The Heartbeat of Cardano.

How to Send your first Transaction on Cardano using Python – For Beginners | Developer Diary #3

I’m a bit of an idiot when it comes to code sometimes, so when I start learning a new language or library, I appreciate simple idiot-proof guides. This is going to be an ELI5 completely Idiot proof money-back guarantee guide.

So if you are completely new to programming or python, you shouldn’t struggle to follow along. However, if you are a seasoned programmer, this will still be of use; just skip the initial sections.

We will cover the following:

  • Getting set up with an IDE
  • Getting packages installed
  • Setting up a Blockfrost account
  • Creating private and public keys and creating an address
  • Sending a transaction
  • Using Blockfrost API to check your transaction

Useful Resources:

Developer Portal

PyCardano Docs

Getting Set Up

So the first thing you need to do is Install python if you already haven’t already.

Make sure to tick the box ‘add to path’ when installing. Or, if you haven’t done that, follow this tutorial as we will need to use ‘pip’, the python package installer, to install PyCardano.

Next, we need to install an IDE, I would recommend two, PyCharm or VsCode, although if you want to programme in the pre-installed IDLE, that’s fine too.

Now you have your IDE up, open a terminal and run the following.

pip install pycardano

That should install the pycardano module. If you’re getting a pip is not recognised error, make sure you have added it to path as mentioned above.

Keys and Addresses

The most common keys in Cardano are payment key and stake key. They are both Ed25519 keys.

The Payment key is usually used to sign transactions that involve funds transfers, while stake key is usually used to sign transactions that involve staking-related activities, e.g. stake address registration and delegation. PyCardano provides APIs to create, save, and loads payment keys and stake keys.

If you know anything about public private cryptography you would know that there are two parts to a Key,

The private key – The one used actually to sign transactions.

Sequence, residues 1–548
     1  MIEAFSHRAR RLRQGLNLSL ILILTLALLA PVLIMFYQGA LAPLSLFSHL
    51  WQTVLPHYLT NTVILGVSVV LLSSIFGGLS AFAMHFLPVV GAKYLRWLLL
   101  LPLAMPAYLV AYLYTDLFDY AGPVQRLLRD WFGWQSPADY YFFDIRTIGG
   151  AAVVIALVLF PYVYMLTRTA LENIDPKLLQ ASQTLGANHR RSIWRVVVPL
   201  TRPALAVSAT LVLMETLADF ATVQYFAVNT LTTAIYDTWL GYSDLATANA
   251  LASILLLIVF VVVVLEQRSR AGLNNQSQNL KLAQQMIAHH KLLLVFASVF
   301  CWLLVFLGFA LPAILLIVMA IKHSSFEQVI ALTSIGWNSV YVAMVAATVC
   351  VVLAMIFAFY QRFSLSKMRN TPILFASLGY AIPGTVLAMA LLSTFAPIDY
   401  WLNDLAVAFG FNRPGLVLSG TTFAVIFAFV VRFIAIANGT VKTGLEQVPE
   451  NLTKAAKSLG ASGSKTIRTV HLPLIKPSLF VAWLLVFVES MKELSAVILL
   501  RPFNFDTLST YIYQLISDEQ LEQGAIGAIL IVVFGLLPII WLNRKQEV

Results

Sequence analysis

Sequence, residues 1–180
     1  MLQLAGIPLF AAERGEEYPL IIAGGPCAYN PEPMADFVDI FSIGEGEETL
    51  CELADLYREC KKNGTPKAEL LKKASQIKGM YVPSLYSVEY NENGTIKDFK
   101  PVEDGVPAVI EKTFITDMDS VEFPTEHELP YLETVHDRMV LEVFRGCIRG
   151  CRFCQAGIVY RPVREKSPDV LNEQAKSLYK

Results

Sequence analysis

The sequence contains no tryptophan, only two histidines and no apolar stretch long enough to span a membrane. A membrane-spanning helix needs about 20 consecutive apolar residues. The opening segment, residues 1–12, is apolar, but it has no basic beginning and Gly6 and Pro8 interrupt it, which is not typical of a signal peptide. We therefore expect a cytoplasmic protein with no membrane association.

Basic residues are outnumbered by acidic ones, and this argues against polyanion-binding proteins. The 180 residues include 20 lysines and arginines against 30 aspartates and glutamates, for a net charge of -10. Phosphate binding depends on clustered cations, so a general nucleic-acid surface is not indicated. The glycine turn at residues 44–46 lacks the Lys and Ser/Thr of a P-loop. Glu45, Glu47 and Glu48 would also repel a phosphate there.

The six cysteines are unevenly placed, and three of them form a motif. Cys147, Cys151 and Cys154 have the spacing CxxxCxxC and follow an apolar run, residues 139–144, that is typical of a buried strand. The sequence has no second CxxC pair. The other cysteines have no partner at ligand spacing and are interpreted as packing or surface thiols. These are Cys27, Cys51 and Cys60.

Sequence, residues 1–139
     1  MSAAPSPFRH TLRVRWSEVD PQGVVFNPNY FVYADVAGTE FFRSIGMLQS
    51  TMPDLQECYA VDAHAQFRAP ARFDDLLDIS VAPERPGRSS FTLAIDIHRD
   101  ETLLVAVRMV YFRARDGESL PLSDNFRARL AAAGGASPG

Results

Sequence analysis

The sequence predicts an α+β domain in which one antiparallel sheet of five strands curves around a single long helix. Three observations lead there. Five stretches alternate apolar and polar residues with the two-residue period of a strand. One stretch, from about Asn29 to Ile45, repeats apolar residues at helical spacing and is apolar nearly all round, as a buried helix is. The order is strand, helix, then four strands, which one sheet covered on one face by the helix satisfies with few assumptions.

The public key – The one used by others to verify you signed the transaction with your private key.

In the case of PyCardano, these are called the signing key and verification key.

Create a key pair like below in a new python file:

from pycardano import PaymentSigningKey, StakeSigningKey, PaymentVerificationKey, StakeVerificationKey

payment_signing_key = PaymentSigningKey.generate()
payment_verification_key = PaymentVerificationKey.from_signing_key(payment_signing_key)"payment.skey")"payment.vkey")

In the code we generated a signing key, AKA the private key and then derived the public key from it. If you run this code, you will also notice two new files that appear in your folder. Now we can load the keys at any time and generate the addresses if we need.

Lets test it, create a new file and run the code below to sign a message

payment_signing_key = PaymentSigningKey.load("payment.skey")

print(payment_signing_key.sign(b"Hello world!"))

The output should be something similar to this

b"\xf8\x13`\xe6\x0c0W\xc4}\xacI'\x853\xe3\xe9!\xce\xd1\x98'{\xe0\xb4\r\x13\t\xcd`\xb9m\xb1+O DX\xd7G\rQ\xcf\x88\x1c\x8d\x001\tVPf\x15\x8a\xf9~\x94\x88\xf3\x0b\xee\xcb\x14\x8f\x06"

The Address

There are four different types of addresses used in Cardano. The one you will be most familiar with if you have set up a wallet is a base address. This is one that has a signing key for transactions and a stake key.

To keep things simple and not generate stake keys, although you can use this code if you wish to generate a stake key pair.

stake_signing_key = StakeSigningKey.generate()
stake_verification_key = StakeVerificationKey.from_signing_key(stake_signing_key)

The other address we will be working with today is an Enterprise address. Simply put this is an address that can sign transactions but does not have a stake key.

So let’s create the address from the keys we generated before, this is what you whole file should look like. note we only need to import the verification key and not the signing key.